The Language of Bees, by Laurie R. King

Language of Bees
The Language of Bees

The Language of Bees is King’s ninth book featuring Mary Russell’s partnership with the legendary Sherlock Holmes. The mystery begins almost before Russel and Holmes can settle back into their Sussex home after traveling around the world (see The Game and Locked Rooms). Holmes gets a visit from his son, Damian Adler, who is also the son of Irene Adler–famous as the only woman to get the best of Holmes.

Damian’s wife and child have gone missing, and he wants Holmes’ help tracking them down. After solving the mystery of Holmes’ dead hive, Russell tracks her husband and step-son down in London and tries to pick up the trail of Yolanda Adler among the Bohemians and fuzzy-headed religious seekers in that city. On top of all this, Russell has to find out if Damian–who’s been arrested before for murder–is responsible for the disappearance or if it’s the responsibility of a cult leader on the loose in London. And then, Damian disappears and Yolanda turns up dead. Their daughter is sill missing.

Not only is the mystery intriguing, but King pulls in her theological expertise to create a convincing cult of celestial light worshippers, complete with rituals and holy texts. Even Aleister Crowley gets name dropped a couple of times. King shines during the sections where Russell tries to psychoanalyze the author of Testimony, the Children of Lights’ holy book. Readers of a less academic stripe might think these parts bog down the plot, but I was completely hooked.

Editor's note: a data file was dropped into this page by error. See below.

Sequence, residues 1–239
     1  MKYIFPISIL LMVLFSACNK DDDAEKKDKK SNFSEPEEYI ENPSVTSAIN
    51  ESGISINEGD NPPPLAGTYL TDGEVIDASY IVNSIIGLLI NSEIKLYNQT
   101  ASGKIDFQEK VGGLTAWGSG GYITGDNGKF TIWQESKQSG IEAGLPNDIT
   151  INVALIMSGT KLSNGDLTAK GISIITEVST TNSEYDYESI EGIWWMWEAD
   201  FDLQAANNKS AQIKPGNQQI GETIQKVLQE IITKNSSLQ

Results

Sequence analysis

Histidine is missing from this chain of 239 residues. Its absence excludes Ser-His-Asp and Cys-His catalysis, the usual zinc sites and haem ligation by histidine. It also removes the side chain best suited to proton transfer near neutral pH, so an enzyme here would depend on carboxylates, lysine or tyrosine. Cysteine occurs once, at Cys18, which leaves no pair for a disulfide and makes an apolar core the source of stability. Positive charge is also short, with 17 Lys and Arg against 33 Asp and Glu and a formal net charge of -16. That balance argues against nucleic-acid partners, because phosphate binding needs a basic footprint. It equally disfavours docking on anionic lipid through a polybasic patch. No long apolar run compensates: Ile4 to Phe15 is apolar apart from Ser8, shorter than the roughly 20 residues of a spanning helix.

***SPOILERS AHEAD.***

You’ve been warned.

The only downside to this book is the cliffhanger at the end. I hate it when books end, but don’t really end. And it just ticks me off when I read a good mystery only to find out that I have to wait a year (or more) to see how it all plays out. Especially when the last three words of the book are “to be continued.” Just make the book longer! I’m willing to stick with an author for another couple of hundred pages. Or, if the author is creating a Big Bad, just end the first book and start a second with a clean break. I have no problem with episodic series. For the record, I had it when TV series pull the same sort of shenanigans.

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